EXAMPLE 3 Trimethylstannoxy zirconium tributoxide Trimethyltin acetate 22.2 g. (0.1 mol) and tetrabutyl-zirconate (0.1 mol) were combined in a 100 ml. round bottom flask equipped for distillation and heated under a dry atmosphere 1% hours at 140165, then /2 hour to 180 C. During this time a colorless liquid distilled off leaving as residue a dark colored liquid which is essentially trimethylstannoxy zirconium tri-n-butoxide.
In the preferred procedure, toluene was used as solvent and byproduct ester removed by azeotropic distillation. The product was obtained as a toluene solution.
The trimethyltinacetate was prepared in the following manner (70-A-79).
cyclo- Me SnCl NaO O C CH1 ---)h MeaSnO CCHa NaCl exane Trimethyltin chloride (0.2 mol) dissolved in 100 ml. cyclohexane was added over a 2-hour period to a heated suspension of 28.7 g. (0.35 mol) sodium acetate in 750 ml. cyclohexane. Reaction was refluxed an additional hour after completion of addition. The precipitate was filtered through a large Buchner funnel. The filtrate was evaporated but contained no product. Repeated soxhlet extraction of the filter cake gave 33.0 gms. (75%) product which sublimes at 190-195 C. in a sealed tube.
Calcd. for C H O Sn: Sn, 53.4; Sap. No. 251. Found:
Sn, 52.84; Sap. No. 248
In a more desirable preparation xylene was used as solvent and filtered hot after completion of the reaction. Upon cooling, the xylene deposits pure trimethyltin acetate in 92% yield.
EXAMPLE 4 Triphenylstannoxy zirconium trlisopropoxide Triphenyltin acetate (0.1 mol) and tetraisopropyl zirconate (0.1 mol) were combined in toluene under dry conditions and refluxed for two hours. Toluene and byproduct isopropyl acetate were slowly removed by distillation through a 30 cm. packed column maintaining the toluene level in the reaction vessel by addition of toluene. The distillation was continued until only pure toluene appeared as distillate. The residual solution contained essentially triphenylstannoxy zirconium triisopropoxide. A two percent solution imparts Water repellency to paper.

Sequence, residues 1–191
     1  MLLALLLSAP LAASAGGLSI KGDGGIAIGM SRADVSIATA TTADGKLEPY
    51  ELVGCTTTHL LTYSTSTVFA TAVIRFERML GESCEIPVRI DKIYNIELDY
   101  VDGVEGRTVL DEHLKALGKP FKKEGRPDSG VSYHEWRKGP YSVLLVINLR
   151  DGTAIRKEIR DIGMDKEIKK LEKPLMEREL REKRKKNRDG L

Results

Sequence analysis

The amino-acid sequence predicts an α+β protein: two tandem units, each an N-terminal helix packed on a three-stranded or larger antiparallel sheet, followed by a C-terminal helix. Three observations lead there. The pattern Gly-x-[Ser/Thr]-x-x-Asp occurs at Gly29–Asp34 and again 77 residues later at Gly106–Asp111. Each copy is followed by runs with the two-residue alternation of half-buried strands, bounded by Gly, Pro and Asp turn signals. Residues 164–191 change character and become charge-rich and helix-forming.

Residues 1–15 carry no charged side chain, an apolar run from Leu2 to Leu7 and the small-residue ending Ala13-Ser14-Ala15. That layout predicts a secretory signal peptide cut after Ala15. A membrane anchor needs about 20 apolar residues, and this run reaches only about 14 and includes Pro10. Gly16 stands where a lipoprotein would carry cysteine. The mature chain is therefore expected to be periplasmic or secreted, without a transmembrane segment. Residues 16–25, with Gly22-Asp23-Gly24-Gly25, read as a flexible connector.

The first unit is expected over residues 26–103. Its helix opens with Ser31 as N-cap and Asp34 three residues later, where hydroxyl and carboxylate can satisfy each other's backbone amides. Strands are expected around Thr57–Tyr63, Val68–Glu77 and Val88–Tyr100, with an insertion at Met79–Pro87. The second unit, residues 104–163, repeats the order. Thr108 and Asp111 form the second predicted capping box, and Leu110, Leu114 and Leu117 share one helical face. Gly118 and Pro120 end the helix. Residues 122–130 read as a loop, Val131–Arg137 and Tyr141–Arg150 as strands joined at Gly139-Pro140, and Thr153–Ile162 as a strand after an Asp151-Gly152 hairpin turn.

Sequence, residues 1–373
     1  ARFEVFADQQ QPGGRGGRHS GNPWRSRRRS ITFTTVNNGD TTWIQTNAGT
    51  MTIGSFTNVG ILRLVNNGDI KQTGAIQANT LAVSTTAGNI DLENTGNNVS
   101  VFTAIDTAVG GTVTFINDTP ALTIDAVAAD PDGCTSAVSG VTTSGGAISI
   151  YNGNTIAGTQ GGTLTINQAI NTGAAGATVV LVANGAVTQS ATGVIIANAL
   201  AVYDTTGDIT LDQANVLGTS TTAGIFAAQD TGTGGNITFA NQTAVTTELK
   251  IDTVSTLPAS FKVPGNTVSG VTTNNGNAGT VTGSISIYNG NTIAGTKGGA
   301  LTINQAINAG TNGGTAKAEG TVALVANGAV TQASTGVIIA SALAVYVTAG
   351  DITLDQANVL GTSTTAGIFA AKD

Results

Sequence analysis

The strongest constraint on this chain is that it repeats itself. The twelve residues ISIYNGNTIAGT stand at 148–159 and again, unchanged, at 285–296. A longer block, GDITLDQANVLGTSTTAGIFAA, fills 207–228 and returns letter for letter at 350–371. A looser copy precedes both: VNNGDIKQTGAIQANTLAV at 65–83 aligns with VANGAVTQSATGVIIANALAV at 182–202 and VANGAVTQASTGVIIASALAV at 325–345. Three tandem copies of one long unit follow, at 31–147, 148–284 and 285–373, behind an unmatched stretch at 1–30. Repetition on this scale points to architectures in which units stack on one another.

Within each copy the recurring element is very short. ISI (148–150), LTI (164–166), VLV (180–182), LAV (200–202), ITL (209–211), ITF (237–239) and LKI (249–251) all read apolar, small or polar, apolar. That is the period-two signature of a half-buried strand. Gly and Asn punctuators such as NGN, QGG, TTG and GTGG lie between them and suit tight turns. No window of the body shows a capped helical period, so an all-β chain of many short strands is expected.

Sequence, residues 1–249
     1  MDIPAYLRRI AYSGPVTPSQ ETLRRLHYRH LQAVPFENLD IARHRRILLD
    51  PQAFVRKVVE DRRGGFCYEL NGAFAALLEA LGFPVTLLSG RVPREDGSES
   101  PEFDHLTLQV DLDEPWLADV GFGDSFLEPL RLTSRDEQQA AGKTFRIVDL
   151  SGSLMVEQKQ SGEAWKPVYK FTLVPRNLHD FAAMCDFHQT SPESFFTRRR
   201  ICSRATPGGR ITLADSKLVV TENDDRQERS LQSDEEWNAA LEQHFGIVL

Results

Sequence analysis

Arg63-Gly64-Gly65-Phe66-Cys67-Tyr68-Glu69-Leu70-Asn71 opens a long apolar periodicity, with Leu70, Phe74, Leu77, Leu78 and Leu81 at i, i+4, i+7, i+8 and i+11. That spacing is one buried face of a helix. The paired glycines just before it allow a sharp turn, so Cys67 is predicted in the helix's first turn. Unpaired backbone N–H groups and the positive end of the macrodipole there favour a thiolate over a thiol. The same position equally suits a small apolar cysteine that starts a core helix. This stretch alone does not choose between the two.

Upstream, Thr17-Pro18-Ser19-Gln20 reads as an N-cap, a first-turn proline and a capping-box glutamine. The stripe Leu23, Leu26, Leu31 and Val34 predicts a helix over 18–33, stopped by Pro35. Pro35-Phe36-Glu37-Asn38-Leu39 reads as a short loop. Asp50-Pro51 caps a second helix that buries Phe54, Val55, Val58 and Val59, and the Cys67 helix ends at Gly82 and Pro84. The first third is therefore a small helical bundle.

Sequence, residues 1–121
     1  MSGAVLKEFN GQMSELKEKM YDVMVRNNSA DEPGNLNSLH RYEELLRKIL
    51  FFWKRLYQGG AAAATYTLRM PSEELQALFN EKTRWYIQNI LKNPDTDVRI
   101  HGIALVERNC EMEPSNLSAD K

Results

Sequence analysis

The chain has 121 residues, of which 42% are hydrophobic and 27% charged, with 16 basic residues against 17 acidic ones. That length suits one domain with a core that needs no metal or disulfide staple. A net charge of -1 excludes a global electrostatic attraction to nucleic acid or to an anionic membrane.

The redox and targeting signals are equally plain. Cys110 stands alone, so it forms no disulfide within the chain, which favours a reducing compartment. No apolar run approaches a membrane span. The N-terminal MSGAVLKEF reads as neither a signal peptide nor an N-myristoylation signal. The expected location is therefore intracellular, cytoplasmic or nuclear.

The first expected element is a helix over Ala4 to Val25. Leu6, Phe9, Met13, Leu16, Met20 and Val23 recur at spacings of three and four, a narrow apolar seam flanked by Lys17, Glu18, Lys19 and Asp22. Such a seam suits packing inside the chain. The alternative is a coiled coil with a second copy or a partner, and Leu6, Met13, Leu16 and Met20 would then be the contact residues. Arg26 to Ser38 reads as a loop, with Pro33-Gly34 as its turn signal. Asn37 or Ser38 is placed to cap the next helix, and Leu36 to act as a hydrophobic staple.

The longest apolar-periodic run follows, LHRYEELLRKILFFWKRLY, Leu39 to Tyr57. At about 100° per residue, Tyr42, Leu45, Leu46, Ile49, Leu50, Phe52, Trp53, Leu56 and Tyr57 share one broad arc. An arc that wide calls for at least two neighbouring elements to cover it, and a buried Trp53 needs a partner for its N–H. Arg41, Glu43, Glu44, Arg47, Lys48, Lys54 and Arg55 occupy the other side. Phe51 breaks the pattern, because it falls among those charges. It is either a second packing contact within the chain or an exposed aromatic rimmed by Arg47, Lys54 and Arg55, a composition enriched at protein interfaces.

4 EXAMPLE 5 Triphenylstannoxy zirconium tributoxide Ph snoH+zr(oBu),- Ph SnOZr(OBu) -+BuOH Purified triphenyltin hydroxide (0.1 mol) and tetrabutylzirconate (0.1 mol) as a 30% solution in xylene were heated together for 2 /2 hours at 60 C. pot temperature in an inert atmosphere. Vacuum (0.1-4 mm.) was applied and solvent and byproduct alcohol removed over a 2-hour period maintaining the bath temperature at 60-80 C. The residual liquid consisted essentially of triphenylstannoxy zirconium tributoxide.
EXAMPLE 6 Tributylstannoxy zirconium tributoxide (0.1 mol) was reacted with 2-ethylhexanol (0.1 mol) in refluxing toluene and the reaction driven to completion by removal of byproduct butanol as a toluene azeotrope. The product was obtained as a toluene solution and was an effective water repellent at 2% concentration.
EXAMPLE 7 Tributylstannoxy zirconium tributoxide (0.1 mol) and diethanolamine (0.1 mol) were reacted in toluene by the same procedure as described in Example 6. The resultant solution contains the diethanolamine zirconate product and it is assumed to be partially polymeric.
EXAMPLE 8 Tributylstannoxy diisopropoxy zirconium perfluorooctanoate (A) This derivative may be prepared by either of two methods:
Bu3SnOZr(OPr)a rrooo c1=. .cr